Question: Why do cats spray urine?
Although I've heard friends complain about their cats spraying urine, I've never experienced it first-hand before today. I have two cats, both boys: Bob, a three year old and Willie, a 5-month-old kitten I adopted three weeks ago. They seemed to be getting along well, however, today, when I was playing with Billy on my bed, I saw Bob watching us with his tail sort of twitching.
He then proceeded to walk over to my bedroom door, turned his back on it, and stood there with his tail straight up and kind of quivering. I walked over to see what he was doing and saw very strong smelling urine running down the door.
You've given a perfect description of the typical scenario where a cat will spray urine.
I'll answer your main question first:
Why Cats Spray Urine
Cats stake out their territory outdoors by spraying urine on trees, fences, vehicle wheels, and other inanimate objects. This warns other cats to stay out of that territory or be prepared to fight. Quite logically, this behavior is called "territorial marking." A cat is very efficient at keeping his territory secure. He will visit each location regularly, sniff at it to make sure only his own scent is present, and usually will enforce the message by spraying again.
Cats do much of the same indoors, for various reasons, usually involving stress caused by various factors.
- New Cat in the Family
The introduction of a new cat may trigger a urine spraying response, particularly by an alpha cat.
- Move to Another Home
Cats respond to most changes with stress. A move to another home will trigger the need to set new territorial boundaries.
- Severe Illness or Death of a Family Member
I've seen urine spraying caused both by the death of a family pet and by a human family member.
Sprayed Cat Urine Has a Distinctive Odor
Cats have scent glands in several areas of their bodies, which disperse pheromones. The territorial marking urine contains an "unfriendly" pheromone, which accounts for its extremely pungent odor, unlike the "friendly" pheromone cats mark with their facial scent glands. According to Pam Bennet-Johnson, writing for the About.com Veterinary Medicine site,
Then we come to those pheromones at the back end. Oh boy! Pheromones released during spraying are related to stress and excitement. There's nothing calm about those pheromones. When a cat sprays it's done under stressful circumstances.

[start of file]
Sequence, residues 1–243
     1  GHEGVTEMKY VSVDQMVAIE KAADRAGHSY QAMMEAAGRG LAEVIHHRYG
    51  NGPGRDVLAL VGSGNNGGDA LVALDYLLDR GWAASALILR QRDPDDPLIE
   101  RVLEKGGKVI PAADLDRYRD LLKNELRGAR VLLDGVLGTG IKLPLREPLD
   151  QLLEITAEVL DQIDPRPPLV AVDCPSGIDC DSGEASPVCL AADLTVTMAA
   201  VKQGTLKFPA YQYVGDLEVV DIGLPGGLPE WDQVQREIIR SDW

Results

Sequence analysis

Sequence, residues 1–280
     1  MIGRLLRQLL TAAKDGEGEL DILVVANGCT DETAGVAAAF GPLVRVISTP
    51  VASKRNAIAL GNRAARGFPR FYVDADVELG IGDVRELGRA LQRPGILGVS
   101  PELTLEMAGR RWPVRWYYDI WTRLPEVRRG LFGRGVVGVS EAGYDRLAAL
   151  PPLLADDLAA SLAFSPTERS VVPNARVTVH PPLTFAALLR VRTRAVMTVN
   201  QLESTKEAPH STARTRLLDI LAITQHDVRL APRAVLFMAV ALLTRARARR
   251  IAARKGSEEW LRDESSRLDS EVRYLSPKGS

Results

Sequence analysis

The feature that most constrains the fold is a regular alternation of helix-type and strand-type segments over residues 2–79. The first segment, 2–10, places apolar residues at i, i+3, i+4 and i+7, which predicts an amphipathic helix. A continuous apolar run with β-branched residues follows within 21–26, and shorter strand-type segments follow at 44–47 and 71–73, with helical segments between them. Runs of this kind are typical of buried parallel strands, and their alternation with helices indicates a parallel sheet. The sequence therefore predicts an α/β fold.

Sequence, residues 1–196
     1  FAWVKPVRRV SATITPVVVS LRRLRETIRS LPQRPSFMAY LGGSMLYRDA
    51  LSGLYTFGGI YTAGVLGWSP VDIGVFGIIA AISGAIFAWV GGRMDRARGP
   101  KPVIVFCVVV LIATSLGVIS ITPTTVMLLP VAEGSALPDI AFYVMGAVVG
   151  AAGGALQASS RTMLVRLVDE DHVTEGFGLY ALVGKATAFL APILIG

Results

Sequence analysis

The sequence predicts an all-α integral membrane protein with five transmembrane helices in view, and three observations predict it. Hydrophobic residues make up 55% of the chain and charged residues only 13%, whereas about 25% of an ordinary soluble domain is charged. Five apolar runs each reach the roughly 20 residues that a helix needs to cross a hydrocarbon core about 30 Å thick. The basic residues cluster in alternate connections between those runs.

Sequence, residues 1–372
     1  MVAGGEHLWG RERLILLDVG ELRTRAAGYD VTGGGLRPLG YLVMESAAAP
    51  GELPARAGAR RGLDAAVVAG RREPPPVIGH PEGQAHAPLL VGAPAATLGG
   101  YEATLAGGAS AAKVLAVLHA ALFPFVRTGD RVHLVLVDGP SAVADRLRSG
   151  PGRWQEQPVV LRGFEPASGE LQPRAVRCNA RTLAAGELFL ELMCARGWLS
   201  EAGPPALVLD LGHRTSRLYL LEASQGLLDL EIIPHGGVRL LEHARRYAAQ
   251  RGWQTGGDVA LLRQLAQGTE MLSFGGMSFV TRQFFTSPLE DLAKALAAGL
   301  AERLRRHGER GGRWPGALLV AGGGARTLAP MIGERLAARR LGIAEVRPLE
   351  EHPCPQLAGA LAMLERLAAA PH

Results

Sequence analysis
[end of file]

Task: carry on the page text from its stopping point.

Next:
"Whole" (Un-neutered) Cats Are More Likely to Spray Urine
Although some neutered male cats will spay, this usually happens only if they were neutered after reaching sexual maturity. This emphasizes the importance of early spay and neuter for all pet cats.
Thorough Cleaning of the Sprayed Urine is Critical
Unless you remove all traces of urine spray, a cat will return again and again to spray the same surface. The best way to accomplish this is through the use of an enzymatic product, which will neutralize the bacteria which contributes to the odor.
Friendly Pheromones to the RescueIt is interesting that a cat will not spray urine within it's own "friendly pheromone marked" territory. Several years ago, a veterinarian-designed product was produced, which mimics the friendly facial pheromones a cat uses for this type of marking.
Your older cat's urine spraying is apparently the result of jealousy over the young kitten. If you will follow the instructions I've provided, you'll be on your way to a peaceful, clean-smelling household again. Your next step will be to help resolve Bob's feelings of insecurity over Willie. You can best accomplish this by setting up pleasant activities together, so Bob can associate Willie with pleasure, rather than view him as a threat.
Try to involve them in mutual play with a wand toy. Sit on a sofa or your bed with one cat on each side. Stroke and cuddle with each of them equally. Feed them special treats together, making sure that each cat has his own fair share of treats as well as your attention. With diligence and love on your part, your two cats should form a bonded family unit in due time.